The API for FlightNode is essentially structured along the lines of the onion architecture concept. Follow that link for a full description of the concept. Because my graphics toolkit is currently limited, my diagram for FlightNode has boxes instead of concentric onion-looking circles…
One key takeaway is the direction of dependencies: all of the solid line dependencies in this chart move from left to right. The Domain Entities are at the “center” in the onion, or rightmost in this chart. They are generally “dumb” data structures that group related fields together. The application’s core business logic is in the Domain Managers. These use Entities as both input and output. As with most systems, there is a need to persist the entities somewhere — and the Domain Interfaces define the structure of the persistence API without defining its implementation. Naturally the interfaces need to deal with Domain Entities as well.
But how do we get data in and out (I/O) of the Domain Model? From the end-user perspective, it is through an HTTP-based API. This API contains two parts of the MVC pattern: models and controllers. The view part is completely separated to another project. The responsibility of the controllers is to handle HTTP input and output via ASP.NET WebAPI. The data transfer objects for that I/O are the Models. The controllers serve the function of remote facades in Martin Fowler’s terminology.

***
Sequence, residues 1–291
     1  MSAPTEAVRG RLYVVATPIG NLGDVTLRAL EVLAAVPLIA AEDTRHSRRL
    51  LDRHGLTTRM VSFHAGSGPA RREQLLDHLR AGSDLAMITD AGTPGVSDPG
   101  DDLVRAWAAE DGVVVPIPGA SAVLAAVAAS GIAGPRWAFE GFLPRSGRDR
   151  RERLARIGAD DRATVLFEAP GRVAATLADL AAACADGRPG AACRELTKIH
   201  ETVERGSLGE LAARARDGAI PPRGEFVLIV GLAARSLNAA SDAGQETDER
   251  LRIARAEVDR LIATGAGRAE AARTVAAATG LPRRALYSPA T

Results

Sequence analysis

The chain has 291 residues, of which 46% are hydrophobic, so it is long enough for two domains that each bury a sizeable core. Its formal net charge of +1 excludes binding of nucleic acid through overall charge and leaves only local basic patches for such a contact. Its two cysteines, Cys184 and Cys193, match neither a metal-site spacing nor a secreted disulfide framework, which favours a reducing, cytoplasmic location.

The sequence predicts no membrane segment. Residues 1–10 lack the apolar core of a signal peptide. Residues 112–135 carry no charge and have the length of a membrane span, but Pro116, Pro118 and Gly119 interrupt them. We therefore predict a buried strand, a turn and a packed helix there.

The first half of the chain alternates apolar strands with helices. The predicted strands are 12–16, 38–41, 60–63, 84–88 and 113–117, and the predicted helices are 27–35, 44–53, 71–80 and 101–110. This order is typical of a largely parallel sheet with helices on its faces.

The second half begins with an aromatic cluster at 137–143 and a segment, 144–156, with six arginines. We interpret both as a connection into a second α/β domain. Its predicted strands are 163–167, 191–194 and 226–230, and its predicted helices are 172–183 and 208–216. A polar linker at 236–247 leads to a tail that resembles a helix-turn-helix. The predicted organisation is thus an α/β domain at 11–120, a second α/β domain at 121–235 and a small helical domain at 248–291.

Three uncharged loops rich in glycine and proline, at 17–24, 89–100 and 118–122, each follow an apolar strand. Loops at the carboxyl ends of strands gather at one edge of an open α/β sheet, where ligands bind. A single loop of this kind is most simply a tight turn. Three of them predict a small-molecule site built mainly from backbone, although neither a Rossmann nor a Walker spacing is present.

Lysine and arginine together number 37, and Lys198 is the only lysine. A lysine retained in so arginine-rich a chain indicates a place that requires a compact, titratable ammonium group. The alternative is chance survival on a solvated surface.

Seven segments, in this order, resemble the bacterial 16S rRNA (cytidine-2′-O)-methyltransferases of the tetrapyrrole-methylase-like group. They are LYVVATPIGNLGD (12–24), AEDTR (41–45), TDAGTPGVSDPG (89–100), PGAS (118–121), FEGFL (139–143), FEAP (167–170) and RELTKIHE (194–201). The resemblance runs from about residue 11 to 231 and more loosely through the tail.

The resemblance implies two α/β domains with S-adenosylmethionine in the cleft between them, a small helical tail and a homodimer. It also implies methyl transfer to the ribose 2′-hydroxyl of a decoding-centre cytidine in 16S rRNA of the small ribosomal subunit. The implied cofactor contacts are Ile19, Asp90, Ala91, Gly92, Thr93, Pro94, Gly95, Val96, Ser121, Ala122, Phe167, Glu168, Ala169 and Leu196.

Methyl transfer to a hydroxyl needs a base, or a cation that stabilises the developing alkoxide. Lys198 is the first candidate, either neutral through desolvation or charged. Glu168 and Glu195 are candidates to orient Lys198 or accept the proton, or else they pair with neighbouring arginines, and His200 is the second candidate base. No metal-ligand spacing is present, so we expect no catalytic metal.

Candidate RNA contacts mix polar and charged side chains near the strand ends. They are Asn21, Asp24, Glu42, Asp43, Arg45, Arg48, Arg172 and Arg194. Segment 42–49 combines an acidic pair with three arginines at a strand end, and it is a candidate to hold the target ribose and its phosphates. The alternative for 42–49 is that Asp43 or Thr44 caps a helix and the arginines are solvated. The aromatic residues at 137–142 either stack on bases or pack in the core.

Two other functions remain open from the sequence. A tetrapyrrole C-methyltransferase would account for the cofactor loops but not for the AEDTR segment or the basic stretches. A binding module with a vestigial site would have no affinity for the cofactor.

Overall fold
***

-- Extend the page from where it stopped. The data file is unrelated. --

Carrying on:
Concrete implementations of the persistence interfaces are no longer at the center of the model, as in a traditional layered architecture. This helps liberate the domain model from attachment to any particular model or pattern for saving the data: we could use a Repository or Table Data Gateway; we could use any ORM; we could use SQL Server, MySQL, Azure, MongoDB. All that matters is that we have a classes that implement the Domain Interfaces, and successfully store and retrieve data for periods when the application is offline.
Which implementation of the interfaces will be used? That depends on how the Inversion of Control (IoC) container is configured. FlightNode uses Unity to map an Entity Framework context class, which implements each persistence interface, to those interfaces. Then ASP.NET WebAPI uses the container to create the correct classes at runtime. In this situation, Entity Framework’s context class does not exactly match the Repository pattern or any of the other traditional data access patterns. Thus, unusually, there are no “repository classes”. There are just persistence interfaces, and the context classes.